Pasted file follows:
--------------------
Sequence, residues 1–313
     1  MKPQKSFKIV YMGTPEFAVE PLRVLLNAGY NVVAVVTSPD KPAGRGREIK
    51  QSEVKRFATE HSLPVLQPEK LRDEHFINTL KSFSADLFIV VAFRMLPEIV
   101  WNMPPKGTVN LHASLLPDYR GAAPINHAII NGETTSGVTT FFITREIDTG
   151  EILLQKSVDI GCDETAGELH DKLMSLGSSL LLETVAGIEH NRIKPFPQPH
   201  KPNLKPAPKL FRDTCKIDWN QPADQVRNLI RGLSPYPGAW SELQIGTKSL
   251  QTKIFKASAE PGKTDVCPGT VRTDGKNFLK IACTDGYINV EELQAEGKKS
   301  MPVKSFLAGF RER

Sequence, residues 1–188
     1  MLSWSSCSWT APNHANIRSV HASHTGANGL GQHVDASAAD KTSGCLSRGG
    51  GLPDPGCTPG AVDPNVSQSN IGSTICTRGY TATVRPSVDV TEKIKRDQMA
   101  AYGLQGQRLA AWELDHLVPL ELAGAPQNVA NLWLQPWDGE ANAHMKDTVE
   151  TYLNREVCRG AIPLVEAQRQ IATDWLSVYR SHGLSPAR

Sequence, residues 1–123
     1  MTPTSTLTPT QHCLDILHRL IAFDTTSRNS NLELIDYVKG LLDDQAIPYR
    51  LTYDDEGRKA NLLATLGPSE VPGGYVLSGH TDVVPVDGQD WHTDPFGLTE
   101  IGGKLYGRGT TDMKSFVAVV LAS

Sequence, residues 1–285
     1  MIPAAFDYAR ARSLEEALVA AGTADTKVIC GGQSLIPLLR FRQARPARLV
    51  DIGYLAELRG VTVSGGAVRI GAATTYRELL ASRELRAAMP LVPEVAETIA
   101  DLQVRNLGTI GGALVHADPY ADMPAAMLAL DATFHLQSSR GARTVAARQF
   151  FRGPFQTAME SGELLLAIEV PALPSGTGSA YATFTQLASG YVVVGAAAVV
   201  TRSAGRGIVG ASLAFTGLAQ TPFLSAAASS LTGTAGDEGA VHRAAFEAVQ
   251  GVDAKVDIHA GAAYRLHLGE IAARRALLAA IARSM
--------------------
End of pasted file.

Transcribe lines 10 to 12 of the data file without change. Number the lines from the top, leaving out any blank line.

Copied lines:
     1  MLSWSSCSWT APNHANIRSV HASHTGANGL GQHVDASAAD KTSGCLSRGG
    51  GLPDPGCTPG AVDPNVSQSN IGSTICTRGY TATVRPSVDV TEKIKRDQMA
   101  AYGLQGQRLA AWELDHLVPL ELAGAPQNVA NLWLQPWDGE ANAHMKDTVE